A report has claimed that the Scottish economy ‘cannot do without’ naval shipbuilding contracts.

The importance of Royal Navy shipbuilding contracts to the Scottish economy has been discussed in a report commissioned by GMB Scotland.

An economic analysis of the Scottish defence sector by the Fraser of Allander Institute revealed that 5,943 jobs and £162.7 million in wages are supported by BAE’s yards on the Upper Clyde; and 3,870 jobs and £105.9 million in wages are supported by the Rosyth dockyard in Fife.

The report also presents a challenge for the Scottish Government to demonstrate how they would sustain these jobs and wages in the absence of MoD contracts in a future independent Scotland.

The MoD contracts in question, by the way, are complex warships like frigates and destroyers.

GMB Scotland Secretary Gary Smith said:

“This report was commissioned following the delays to the type-26 programme and because of the long-term frustrations felt by our members across the sector after years of being used as a political football.

One job on the Upper Clyde alone supports an additional 1.18 jobs across Scotland so for the future of Scottish shipbuilding and our long-term economic prosperity it is imperative that the UK government makes good on the promised frigate programme.

Furthermore, and with a second independence referendum a real possibility, the Scottish government needs to demonstrate to our members how they would plan to sustain their jobs, wages, pensions, skills and local communities without MoD investment.

This report is a reality check and shows that the fragile Scottish economy cannot do without the thousands of jobs and hundreds of millions of pounds in wages supported by navy shipbuilding contracts.”

The issue of UK ncts on the Clyde has become controversial after the 2014 Independence Referendum and even more so recently when several parties indicated that the work would not go to an independent country.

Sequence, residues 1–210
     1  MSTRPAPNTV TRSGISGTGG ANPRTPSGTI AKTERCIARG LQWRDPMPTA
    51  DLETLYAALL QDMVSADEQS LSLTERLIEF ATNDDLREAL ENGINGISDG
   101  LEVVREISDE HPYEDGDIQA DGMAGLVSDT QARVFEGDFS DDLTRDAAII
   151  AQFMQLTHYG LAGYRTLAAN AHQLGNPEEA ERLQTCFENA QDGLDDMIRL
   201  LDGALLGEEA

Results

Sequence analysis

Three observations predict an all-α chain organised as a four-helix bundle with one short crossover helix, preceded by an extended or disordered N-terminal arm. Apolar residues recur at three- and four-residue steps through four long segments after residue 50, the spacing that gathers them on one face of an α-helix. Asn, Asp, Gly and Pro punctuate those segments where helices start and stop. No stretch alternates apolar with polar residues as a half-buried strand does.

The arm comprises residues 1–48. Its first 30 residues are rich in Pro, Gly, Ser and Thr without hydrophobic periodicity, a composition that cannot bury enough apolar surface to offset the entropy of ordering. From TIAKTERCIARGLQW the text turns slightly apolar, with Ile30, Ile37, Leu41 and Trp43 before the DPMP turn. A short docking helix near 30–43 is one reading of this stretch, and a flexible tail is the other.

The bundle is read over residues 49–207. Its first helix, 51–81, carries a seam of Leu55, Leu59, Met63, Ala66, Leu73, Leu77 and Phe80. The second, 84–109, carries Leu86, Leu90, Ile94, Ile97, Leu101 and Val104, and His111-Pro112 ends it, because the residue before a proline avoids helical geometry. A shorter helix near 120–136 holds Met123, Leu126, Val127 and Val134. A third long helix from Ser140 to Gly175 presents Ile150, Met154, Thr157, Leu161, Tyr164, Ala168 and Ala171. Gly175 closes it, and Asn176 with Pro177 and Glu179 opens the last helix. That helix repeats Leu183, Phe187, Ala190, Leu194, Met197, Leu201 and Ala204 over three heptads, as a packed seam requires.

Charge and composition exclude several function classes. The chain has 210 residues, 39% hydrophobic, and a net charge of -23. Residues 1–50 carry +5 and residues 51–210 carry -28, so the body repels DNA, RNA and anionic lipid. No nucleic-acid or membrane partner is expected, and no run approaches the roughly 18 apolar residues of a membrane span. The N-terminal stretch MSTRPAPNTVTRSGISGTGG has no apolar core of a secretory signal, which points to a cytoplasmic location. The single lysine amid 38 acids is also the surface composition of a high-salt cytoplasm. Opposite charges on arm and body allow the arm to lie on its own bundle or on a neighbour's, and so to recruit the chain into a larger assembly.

“No warships would have been built on the Clyde, because the United Kingdom Government would not have chosen to build them there.”

The full statement was made by then Minister for Defence Equipment, Support and Technology Phillip Dunne in response to a question from Brendan O’Hara, MP for Argyll and Bute, regarding the Type 26 frigates.

“What I can confirm to the hon. Gentleman is that, had the independence vote gone the way that he and his colleagues would have liked, no warships would have been built on the Clyde, because the United Kingdom Government would not have chosen to build them there; we made that very clear.

As it is, as I have just confirmed to the House, we will be proceeding with the construction of eight complex Type 26 warships on the Clyde as and when the programme is ready.”

 

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Grubbie
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Grubbie

Nonsense, there must be a thousand pointless job creation projects that the English could pay for in Scotland.

Gerard
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Gerard

Double the commitment to Type 31 at the English and Irish yards. Actually have them ready and capable to build the Type 26 if the SNP is going to play indyref2,3,4,5 until folks vote the way they want.

geoff
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geoff

I don’t think that headlining this kind of scare story helps anyone. Brussels threats and warnings over Brexit have likely had an opposite effect- adding to the number of Out supporters. It must be self evident to most that shipbuilding is very important to Scotland’s economy. As a Briton I am happy to see the RN’s requirements largely built on the Clyde and see no need to keep reminding our fellow countrymen in North Britain! Happy new year to all.

David Southern
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David Southern

I’m the same as you; I’ve never seen Scotland as a foreign country. I’m happy for our jobs to stay British. Unfortunately, I believe that many Scots don’t think that England is anything but an invading power. I find this puzzling at best. After Neverendum one, I came to the conclusion that Independence for Scotland is inevitable so now I am starting to sway towards keeping the jobs south of the border. I fear that until the Scots start being proud of being British (as well as Scottish) the issue of jobs is not going away.

Pacman27
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Pacman27